Today’s ceremonial inauguration (the real one took place in private yesterday) takes on an added layer of meaning because the nation’s first black president will give his speech on Martin Luther King Day. I’m sure the networks will point this out if they haven’t already.
Last year I wrote a piece pointing out that MLK Day is the nation’s annual exercise in self-deception. We pat ourselves on the backs in this country for having come so far in race relations, thereby fulfilling MLK’s “dream”.
The man taking the Oath of Office today will certainly occupy a special place in American history. However, when his term is up in four years prompting journalists (and later, historians) to perform the post-mortem on the two Obama Administrations it will be a mixed legacy at best.
On the one hand you have the man who brought us universal healthcare and killed Bin Laden all while working with an intractable (and not just a little racist) opposition. On the other hand you have a man who has reinforced a system of inequality that serves to oppress the very people for which MLK fought, especially towards the end of his life.
I’m thinking mainly of Obama’s Race to the Top initiative that has wreaked havoc in the states that have adopted it, including here in NY. Not only has RTTT helped along the proliferation of charter schools that benefit private interests and shut out the neediest children, but it has been a boon to the billion-dollar edu industry. Now, thanks to the failure of RTTT in NYC, New York State threatens to withhold millions in Title I money which are funds reserved for the poorest children.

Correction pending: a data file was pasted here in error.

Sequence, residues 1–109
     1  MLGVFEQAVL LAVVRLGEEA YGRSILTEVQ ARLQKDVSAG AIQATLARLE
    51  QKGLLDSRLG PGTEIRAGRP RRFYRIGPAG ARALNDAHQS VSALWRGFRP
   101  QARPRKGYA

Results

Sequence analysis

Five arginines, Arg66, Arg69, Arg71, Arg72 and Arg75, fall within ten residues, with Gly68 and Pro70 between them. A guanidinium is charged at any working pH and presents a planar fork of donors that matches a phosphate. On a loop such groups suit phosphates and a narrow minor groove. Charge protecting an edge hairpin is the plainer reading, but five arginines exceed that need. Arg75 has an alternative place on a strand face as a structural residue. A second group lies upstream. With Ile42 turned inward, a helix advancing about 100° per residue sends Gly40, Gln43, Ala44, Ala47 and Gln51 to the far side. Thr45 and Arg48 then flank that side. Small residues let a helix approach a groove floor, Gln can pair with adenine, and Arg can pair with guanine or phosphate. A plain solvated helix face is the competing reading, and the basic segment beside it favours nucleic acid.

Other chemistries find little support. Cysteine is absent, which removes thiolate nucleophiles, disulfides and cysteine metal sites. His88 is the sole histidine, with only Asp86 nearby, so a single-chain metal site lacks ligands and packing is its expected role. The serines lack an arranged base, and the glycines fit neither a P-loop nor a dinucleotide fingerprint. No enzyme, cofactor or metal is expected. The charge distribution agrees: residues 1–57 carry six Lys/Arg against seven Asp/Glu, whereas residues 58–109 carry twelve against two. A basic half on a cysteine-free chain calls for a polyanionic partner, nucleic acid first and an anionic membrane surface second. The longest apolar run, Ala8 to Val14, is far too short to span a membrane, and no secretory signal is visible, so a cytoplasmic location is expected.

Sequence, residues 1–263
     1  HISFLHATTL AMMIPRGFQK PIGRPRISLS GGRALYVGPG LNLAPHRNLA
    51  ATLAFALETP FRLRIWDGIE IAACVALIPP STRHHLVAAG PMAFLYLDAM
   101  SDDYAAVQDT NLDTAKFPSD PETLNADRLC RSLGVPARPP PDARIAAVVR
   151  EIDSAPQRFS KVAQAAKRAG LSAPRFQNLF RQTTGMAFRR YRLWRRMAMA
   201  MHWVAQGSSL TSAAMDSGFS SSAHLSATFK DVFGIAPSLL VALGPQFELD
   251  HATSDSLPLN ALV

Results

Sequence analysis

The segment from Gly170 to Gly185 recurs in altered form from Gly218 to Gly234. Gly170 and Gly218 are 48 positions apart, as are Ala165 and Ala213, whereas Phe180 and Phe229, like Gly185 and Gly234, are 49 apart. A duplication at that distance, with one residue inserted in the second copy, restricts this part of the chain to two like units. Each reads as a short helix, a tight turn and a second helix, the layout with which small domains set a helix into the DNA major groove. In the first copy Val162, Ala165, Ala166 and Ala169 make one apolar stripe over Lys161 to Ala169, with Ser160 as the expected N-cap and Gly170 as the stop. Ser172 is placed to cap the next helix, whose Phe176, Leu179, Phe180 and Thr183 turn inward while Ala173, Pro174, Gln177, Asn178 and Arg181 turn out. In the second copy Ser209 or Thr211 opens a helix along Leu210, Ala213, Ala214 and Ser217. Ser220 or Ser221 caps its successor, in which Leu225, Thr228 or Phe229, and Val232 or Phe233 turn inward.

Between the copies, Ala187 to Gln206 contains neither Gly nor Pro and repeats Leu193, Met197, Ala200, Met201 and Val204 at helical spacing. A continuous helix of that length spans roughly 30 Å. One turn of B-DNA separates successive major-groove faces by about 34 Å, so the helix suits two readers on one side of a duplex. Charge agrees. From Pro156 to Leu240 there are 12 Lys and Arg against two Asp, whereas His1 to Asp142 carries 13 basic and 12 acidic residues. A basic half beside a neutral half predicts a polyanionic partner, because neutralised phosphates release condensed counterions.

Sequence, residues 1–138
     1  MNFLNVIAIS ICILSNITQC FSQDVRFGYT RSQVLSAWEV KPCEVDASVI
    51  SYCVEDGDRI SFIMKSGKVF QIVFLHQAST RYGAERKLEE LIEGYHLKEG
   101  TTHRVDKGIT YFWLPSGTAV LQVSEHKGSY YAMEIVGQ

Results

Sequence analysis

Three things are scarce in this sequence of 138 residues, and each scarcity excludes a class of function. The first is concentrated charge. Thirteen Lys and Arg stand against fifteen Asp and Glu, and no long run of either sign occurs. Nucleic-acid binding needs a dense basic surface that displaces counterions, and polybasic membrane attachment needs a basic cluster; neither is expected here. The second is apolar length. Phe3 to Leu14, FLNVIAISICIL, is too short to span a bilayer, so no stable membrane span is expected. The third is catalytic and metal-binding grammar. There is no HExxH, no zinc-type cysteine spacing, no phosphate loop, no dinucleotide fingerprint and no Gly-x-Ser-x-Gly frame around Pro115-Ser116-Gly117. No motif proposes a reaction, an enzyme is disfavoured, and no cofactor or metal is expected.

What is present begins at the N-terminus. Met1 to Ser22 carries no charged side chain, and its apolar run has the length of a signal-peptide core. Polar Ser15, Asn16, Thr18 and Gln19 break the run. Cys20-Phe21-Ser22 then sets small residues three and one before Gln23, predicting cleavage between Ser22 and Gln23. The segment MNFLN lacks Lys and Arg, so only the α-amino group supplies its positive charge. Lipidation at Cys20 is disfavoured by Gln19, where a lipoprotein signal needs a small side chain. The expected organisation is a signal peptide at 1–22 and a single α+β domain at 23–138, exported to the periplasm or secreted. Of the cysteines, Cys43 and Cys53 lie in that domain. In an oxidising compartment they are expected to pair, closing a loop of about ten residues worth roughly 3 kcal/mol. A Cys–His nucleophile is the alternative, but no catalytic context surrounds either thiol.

Martin Luther King fought for a totally inclusive society, one where the most powerless would have fair access to opportunity. But the programs that Obama has supported have left the most powerless behind. On Diane Ravitch’s blog is a quote in defense of charter schools that essentially concedes what charter school critics have said all along: charters in fact do not serve the neediest students. This after years of charter school defenders telling us that charters don’t get to “cherry pick” students and are subject to the same laws as all other schools.
And when we look at the rest of the national scene with its rising inequality, proliferation of low-wage jobs (the so-called economic “recovery”) and increase in food stamp applications, there would be very little for Martin Luther King to celebrate.
King once said something along the lines of “the arc of history is long but it bends towards justice”.
Are we bending towards justice now?